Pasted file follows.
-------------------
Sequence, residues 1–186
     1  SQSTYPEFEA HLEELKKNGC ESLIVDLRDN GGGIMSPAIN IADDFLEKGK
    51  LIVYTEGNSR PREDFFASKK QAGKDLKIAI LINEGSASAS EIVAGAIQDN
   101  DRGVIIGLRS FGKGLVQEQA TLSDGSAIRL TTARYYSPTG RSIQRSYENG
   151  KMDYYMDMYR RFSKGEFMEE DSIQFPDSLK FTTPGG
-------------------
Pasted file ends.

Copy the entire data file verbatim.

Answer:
Sequence, residues 1–186
     1  SQSTYPEFEA HLEELKKNGC ESLIVDLRDN GGGIMSPAIN IADDFLEKGK
    51  LIVYTEGNSR PREDFFASKK QAGKDLKIAI LINEGSASAS EIVAGAIQDN
   101  DRGVIIGLRS FGKGLVQEQA TLSDGSAIRL TTARYYSPTG RSIQRSYENG
   151  KMDYYMDMYR RFSKGEFMEE DSIQFPDSLK FTTPGG